Algorithms for Feature Selection in Rank-Order Spaces
Slotta, Douglas J.
Vergara, John Paul C.
Heath, Lenwood S.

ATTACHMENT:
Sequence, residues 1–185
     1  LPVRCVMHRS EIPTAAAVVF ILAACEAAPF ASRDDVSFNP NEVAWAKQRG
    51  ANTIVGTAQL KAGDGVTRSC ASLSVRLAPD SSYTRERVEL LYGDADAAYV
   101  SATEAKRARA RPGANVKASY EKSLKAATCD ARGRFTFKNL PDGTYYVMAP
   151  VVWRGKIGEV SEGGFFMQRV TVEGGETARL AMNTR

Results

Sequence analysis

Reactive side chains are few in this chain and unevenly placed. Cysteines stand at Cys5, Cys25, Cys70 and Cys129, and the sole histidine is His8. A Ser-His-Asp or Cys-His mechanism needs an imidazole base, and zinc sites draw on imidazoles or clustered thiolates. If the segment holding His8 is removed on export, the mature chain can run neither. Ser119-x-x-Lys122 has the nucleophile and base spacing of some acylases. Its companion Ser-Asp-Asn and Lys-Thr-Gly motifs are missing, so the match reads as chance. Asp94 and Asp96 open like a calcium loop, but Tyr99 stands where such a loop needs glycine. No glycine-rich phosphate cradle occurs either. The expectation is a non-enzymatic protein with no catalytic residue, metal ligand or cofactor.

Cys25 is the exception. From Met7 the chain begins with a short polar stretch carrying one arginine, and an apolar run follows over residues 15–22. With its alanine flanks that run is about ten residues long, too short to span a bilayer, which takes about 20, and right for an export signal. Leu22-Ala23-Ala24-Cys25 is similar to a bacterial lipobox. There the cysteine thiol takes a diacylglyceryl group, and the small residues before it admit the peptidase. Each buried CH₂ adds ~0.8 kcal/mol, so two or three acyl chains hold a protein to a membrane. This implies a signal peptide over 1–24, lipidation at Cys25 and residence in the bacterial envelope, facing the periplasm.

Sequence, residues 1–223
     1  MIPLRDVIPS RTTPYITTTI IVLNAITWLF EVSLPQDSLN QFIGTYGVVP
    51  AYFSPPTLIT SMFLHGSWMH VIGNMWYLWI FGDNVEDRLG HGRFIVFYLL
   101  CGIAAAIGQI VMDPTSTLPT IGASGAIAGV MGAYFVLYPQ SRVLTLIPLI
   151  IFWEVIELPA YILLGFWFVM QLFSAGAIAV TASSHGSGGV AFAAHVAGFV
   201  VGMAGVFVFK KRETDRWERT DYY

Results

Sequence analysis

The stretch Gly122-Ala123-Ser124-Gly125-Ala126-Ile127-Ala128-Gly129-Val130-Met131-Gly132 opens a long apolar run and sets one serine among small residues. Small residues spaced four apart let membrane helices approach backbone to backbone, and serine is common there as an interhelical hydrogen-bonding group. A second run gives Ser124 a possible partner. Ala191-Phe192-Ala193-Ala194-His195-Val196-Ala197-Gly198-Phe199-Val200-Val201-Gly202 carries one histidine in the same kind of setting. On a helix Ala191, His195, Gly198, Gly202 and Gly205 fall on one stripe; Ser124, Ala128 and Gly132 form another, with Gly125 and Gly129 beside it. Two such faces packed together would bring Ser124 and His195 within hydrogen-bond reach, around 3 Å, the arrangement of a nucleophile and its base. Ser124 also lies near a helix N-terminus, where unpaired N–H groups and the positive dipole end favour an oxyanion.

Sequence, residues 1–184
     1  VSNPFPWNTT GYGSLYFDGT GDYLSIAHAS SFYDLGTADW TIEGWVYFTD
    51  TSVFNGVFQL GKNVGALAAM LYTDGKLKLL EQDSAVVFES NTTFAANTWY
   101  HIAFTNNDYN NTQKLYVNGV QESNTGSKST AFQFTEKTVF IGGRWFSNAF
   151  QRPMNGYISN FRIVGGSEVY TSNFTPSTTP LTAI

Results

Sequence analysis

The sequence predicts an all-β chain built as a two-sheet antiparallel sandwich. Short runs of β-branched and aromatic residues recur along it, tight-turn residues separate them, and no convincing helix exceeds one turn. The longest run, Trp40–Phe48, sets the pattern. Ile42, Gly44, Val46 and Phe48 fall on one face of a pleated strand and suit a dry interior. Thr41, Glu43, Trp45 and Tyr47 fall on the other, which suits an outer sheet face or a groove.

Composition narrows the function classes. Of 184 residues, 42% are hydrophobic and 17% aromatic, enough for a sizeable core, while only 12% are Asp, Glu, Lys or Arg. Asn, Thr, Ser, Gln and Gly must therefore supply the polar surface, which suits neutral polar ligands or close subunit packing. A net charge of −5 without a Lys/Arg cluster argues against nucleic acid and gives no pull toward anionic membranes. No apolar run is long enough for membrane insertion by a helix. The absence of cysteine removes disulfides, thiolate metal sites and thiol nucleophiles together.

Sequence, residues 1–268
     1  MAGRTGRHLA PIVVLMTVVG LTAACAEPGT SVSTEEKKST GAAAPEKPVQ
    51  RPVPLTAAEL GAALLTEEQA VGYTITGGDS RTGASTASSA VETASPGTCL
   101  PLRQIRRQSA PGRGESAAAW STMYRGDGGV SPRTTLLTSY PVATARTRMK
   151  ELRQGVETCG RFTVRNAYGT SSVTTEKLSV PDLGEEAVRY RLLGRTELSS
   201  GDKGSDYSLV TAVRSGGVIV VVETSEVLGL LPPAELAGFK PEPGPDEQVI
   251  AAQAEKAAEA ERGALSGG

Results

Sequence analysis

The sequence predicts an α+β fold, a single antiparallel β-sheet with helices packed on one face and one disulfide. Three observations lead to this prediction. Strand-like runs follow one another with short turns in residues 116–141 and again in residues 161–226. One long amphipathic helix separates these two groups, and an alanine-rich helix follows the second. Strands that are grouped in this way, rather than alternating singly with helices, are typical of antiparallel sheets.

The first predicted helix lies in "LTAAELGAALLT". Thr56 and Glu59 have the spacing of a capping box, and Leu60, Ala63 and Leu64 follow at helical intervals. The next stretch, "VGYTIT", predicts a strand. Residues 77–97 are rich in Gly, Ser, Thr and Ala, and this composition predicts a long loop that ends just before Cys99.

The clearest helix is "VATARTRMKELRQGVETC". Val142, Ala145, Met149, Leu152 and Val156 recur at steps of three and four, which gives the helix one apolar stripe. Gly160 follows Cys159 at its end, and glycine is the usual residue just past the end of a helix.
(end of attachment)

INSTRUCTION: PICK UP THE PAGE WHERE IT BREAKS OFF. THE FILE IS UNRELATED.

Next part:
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The problem of feature selection in supervised learning situations is considered, where all features are drawn from a common domain and are best interpreted via ordinal comparisons with other features, rather than as numerical values. In particular, each instance is a member of a space of ranked features. This problem is pertinent in electoral, financial, and bioinformatics contexts, where features denote assessments in terms of counts, ratings, or rankings. Four algorithms for feature selection in such rank-order spaces are presented; two are information-theoretic, and two are order-theoretic. These algorithms are empirically evaluated against both synthetic and real world datasets. The main results of this paper are (i) characterization of relationships and equivalences between different feature selection strategies with respect to the spaces in which they operate, and the distributions they seek to approximate; (ii) identification of computationally simple and efficient strategies that perform surprisingly well; and (iii) a feasibility study of order-theoretic feature selection for large scale datasets.